Even though she was off on Saturday, May 3, she got up early because she was having a hard time sleeping. That feeling just wouldn’t leave her alone. Finally, she succumbed to the feeling and went to the police department.
Pate opened the door to the crime scene unit at 9:30 that morning. On the table were all the sharps containers that she’d examined, but one had the top off. As Pate looked at the open sharps container, she spotted a syringe right on top that she knew for a fact she hadn’t tested. It was a 3ml syringe and not the size the nurse had said she used. It was way too small to measure bleach with.
However, that wasn’t what took Pate’s breath away. The syringe was clearly marked with the DaVita patient’s name on it. Pate had accidently seen the list of patients who’d died while hooked up to the machine.
Exactly one week earlier at the exact same time, Ms. Opal Few walked into DaVita to receive her treatments.
Christy said her hand shook as she reached for Ms. Few’s 3ml syringe to test it. She pulled the plunger out of the syringe and with trembling fingers, put a small test strip inside the syringe. The color changing to purple took her breath away—it was positive for bleach.
           Almost in tears from the strain, she grabbed the phone to call her boss, Sgt. Abbott.
           They now had a murder investigation on their hands.
# # # # #
Learn more about John and his other books:






Saturday, August 10, 2013

Quotes for writing and living

by Kaye George

Today, I’d like to share some thoughts I’ve gathered over the past months and years. Maybe some of these will resonate with you and maybe some will make your day brighter.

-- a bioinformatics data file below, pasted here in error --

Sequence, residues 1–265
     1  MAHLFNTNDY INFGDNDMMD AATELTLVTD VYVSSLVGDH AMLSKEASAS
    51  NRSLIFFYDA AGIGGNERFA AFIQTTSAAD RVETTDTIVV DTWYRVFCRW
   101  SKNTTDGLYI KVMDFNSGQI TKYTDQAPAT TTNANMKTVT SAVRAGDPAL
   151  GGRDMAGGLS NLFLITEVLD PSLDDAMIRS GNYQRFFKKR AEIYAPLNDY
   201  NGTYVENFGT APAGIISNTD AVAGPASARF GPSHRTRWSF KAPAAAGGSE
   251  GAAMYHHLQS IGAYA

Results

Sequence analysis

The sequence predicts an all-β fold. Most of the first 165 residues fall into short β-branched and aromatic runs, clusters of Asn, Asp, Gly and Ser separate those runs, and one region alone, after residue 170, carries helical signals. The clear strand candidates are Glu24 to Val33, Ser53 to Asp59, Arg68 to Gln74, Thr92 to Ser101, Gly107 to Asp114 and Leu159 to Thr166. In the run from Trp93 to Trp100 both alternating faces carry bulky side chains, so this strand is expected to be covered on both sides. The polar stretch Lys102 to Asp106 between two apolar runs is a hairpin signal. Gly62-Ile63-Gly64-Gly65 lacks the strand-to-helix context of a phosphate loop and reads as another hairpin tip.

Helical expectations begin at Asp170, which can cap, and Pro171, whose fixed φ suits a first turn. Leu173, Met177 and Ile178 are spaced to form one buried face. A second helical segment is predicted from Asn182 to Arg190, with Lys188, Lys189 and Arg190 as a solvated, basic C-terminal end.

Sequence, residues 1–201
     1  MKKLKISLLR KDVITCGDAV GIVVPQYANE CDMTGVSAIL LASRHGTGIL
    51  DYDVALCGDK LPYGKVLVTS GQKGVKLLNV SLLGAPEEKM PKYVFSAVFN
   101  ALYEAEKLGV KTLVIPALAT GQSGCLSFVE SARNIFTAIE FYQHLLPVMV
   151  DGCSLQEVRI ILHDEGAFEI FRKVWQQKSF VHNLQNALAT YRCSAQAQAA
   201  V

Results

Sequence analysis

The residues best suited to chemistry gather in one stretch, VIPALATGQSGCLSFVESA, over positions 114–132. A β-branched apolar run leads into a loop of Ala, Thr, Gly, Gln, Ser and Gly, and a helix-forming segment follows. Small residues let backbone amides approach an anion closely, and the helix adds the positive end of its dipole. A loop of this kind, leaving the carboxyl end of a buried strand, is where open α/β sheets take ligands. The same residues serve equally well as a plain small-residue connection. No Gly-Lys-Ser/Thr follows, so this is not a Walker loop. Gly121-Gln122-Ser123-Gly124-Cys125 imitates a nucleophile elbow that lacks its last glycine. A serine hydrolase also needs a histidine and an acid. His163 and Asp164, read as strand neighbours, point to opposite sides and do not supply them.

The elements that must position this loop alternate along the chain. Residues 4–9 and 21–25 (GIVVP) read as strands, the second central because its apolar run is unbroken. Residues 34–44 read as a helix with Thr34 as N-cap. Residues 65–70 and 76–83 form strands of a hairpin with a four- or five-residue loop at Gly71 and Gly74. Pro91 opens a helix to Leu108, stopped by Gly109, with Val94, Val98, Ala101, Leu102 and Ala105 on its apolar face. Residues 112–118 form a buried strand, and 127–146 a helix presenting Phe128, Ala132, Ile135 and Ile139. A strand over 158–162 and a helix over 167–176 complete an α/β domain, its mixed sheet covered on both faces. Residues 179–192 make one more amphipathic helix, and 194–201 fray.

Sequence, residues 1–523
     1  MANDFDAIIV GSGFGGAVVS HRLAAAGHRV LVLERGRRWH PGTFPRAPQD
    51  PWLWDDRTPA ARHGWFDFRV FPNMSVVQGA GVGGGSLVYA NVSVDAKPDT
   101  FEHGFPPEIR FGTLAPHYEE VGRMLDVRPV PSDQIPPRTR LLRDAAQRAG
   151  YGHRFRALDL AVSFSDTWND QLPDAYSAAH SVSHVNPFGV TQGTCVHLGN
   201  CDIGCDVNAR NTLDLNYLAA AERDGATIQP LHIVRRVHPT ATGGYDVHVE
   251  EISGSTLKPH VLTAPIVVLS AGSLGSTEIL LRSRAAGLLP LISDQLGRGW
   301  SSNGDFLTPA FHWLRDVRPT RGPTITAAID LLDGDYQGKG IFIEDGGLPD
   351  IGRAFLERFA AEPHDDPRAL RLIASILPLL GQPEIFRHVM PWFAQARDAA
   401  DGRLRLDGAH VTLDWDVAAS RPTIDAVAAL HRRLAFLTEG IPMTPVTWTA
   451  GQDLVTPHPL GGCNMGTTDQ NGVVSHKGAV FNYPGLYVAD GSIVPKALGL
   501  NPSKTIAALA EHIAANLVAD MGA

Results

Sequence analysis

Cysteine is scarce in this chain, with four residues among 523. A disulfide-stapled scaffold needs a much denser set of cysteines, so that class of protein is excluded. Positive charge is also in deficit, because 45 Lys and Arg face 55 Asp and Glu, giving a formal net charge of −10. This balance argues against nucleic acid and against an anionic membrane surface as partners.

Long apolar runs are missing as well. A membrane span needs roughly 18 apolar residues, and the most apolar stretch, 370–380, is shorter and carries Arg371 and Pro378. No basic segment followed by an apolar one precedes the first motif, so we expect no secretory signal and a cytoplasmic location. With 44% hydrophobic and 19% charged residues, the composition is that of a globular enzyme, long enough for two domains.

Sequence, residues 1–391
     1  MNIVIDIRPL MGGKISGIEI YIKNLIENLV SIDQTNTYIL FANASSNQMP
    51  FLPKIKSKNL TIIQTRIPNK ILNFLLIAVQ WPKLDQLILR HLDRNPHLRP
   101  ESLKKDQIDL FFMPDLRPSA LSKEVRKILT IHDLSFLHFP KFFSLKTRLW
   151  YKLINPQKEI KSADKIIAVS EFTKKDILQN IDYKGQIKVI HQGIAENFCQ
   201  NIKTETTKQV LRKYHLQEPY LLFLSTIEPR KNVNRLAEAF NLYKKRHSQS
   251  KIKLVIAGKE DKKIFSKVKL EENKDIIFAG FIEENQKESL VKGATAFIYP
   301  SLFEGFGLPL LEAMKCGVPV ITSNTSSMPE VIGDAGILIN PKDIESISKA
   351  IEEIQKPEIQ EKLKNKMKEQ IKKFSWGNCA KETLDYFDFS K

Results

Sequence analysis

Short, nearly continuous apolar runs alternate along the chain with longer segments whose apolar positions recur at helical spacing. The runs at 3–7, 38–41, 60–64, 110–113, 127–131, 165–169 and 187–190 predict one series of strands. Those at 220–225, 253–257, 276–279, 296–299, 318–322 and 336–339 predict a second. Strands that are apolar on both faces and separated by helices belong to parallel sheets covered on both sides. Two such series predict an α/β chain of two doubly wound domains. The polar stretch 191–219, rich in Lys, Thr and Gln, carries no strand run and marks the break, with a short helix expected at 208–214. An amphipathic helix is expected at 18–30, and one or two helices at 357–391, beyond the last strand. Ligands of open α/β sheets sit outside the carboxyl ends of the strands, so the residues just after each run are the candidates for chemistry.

“When you choose your friends, don't be short-changed by choosing personality over character.”

“Courage does not always roar. Sometimes, it is the quiet voice at the end of the day saying I will try again tomorrow.”
Old Irish Saying

“I'm thinking literary focuses on the moment when the character changes, and the genre focuses on what the character does with that change.”
Stephen D. Rogers

"Writing is a lot like prostitution. First you do it for love. Then you do it for money. Then you recruit others."

“How beautiful it is to do nothing and then rest afterwards.”
Spanish proverb

"Every time you sit down to write, you should be afraid of losing the reader at any moment of any page."
Playwright William Gibson

"Be  kind, because everyone you meet is fighting some sort of  battle."
Betty Webb: Author of THE KOALA OF DEATH and DESERT  LOST.
_www.bettywebb-mystery.com_ (

“Let us rise up and be thankful, for if we didn't learn a lot today, at least we learned a little, and if we didn't learn a little, at least we didn't get sick, and if we got sick, at least we didn't die; so, let us all be thankful.”

“That was the moment I changed from an amateur to a professional.  I assumed the burden of the professional which is to write even when you don’t want to, don’t much like what you are writing and aren’t writing particularly well.”

"When you compare your inside with someone else's outside, it isn't a fair comparison."
Leslie Budewitz

“Fairytales are not written to tell children that dragons exist. Children know full well that dragons exist. Fairytales are written to show children that sometimes dragons can be defeated.”
G. K. Chesterton